A new matrix of VAT rates;
The replacement of VAT returns with a new Uniform Control File (JPK) structure;
An agreement on cooperation in tax matters;
Incentives for registering intellectual property, a.k.a. “IP Box” (See Section 5 for more details); and
Some U.S. investors have expressed concern that Poland’s tax authorities do not always consistently uphold presumably binding tax decisions and sometimes seek retroactive payments after a reversal. In 2019, tax offices carried out nearly one-fifth fewer audits than in 2018. Irregularities were found more often, but the amount recovered to the budget was lower. This trend has been observed for a few years and shows that the tax system is being effectively sealed and taxpayers are more accurately selected for audits. The double taxation treaty does not cover stock options as part of remuneration packages, according to some investors.
3. Legal Regime
Transparency of the Regulatory System
The Polish Constitution contains a number of provisions related to administrative law and procedures. It states administrative bodies have a duty to observe and comply with the law of Poland. The Code of Administrative Procedures (CAP) states rules and principles concerning participation and involvement of citizens in processes affecting them, the giving of reasons for decisions, and forms of appeal and review.
As a member of the EU, Poland complies with EU directives by harmonizing rules or translating them into national legislation. Rule-making and regulatory authority exists at the central, regional, and municipal levels. Various ministries are engaged in rule-making that affects foreign business, such as pharmaceutical reimbursement at the Ministry of Health or incentives for R&D at the Ministry of Development. Regional and municipal level governments can levy certain taxes and affect foreign investors through permitting and zoning.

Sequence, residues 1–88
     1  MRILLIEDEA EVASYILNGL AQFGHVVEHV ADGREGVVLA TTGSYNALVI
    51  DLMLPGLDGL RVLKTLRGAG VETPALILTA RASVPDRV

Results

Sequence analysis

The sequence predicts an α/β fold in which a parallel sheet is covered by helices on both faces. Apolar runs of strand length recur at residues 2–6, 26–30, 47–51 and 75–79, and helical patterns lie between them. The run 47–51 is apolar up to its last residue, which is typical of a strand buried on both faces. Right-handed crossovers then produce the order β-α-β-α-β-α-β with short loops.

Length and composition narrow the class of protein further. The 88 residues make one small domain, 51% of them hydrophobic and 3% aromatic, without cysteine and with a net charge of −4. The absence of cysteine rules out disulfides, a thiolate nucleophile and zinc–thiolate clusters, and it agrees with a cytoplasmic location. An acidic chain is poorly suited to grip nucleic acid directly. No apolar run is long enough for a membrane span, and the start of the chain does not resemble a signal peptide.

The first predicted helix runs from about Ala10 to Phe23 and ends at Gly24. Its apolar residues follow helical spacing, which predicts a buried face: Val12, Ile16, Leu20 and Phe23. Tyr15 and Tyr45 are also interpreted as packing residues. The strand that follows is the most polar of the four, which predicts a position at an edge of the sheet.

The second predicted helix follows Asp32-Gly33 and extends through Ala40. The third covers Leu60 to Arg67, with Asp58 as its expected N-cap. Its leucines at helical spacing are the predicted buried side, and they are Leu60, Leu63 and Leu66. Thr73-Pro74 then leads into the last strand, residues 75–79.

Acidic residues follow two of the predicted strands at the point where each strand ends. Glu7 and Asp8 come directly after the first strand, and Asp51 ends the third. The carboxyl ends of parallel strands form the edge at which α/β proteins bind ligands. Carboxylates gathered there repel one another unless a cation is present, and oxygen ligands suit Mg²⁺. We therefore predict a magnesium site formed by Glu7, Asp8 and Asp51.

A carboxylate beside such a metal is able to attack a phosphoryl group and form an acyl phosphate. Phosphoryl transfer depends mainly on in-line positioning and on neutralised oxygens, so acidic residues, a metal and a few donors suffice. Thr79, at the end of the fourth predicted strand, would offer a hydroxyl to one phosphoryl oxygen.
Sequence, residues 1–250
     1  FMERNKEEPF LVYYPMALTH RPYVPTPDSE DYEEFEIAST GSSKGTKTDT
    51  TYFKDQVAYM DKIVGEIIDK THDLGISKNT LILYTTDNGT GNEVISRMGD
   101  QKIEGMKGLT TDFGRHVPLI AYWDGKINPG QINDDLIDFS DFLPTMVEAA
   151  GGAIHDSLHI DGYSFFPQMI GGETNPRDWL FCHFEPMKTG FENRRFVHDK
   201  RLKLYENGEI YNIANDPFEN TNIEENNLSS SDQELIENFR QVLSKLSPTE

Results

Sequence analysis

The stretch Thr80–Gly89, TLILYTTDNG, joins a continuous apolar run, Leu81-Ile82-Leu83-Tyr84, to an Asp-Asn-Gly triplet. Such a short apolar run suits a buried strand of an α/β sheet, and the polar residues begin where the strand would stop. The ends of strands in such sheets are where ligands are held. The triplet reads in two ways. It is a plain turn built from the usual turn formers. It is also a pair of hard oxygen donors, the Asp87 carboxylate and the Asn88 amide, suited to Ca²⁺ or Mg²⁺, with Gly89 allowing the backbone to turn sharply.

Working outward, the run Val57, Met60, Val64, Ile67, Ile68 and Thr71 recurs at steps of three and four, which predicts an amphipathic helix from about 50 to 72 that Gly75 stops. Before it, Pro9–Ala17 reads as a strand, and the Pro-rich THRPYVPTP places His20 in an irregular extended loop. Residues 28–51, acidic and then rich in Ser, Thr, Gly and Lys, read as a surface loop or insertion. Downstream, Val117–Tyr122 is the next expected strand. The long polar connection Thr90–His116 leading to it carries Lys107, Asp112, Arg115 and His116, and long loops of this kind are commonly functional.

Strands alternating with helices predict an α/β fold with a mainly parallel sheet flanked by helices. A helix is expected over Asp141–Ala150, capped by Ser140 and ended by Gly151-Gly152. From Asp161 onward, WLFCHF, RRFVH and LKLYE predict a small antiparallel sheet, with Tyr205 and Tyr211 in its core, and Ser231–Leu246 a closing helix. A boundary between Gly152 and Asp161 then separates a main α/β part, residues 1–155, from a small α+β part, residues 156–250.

Polish accounting standards do not differ significantly from international standards. Major international accounting firms provide services in Poland. In cases where there is no national accounting standard, the appropriate International Accounting Standard may be applied. However, investors have complained of regulatory unpredictability and high levels of administrative red tape. Foreign and domestic investors must comply with a variety of laws concerning taxation, labor practices, health and safety, and the environment. Complaints about these laws, especially the tax system, center on frequent changes, lack of clarity, and strict penalties for minor errors.
Poland has improved its regulatory policy system over the last several years. The government introduced a central online system to provide access for the general public to regulatory impact assessments (RIA) and other documents sent for consultation to selected groups such as trade unions and business. Proposed laws and regulations are published in draft form for public comment, and ministries must conduct public consultations. Poland follows OECD recognized good regulatory practices, but investors say the lack of regulations governing the role of stakeholders in the legislative process is a problem. Participation in public consultations and the window for comments are often limited.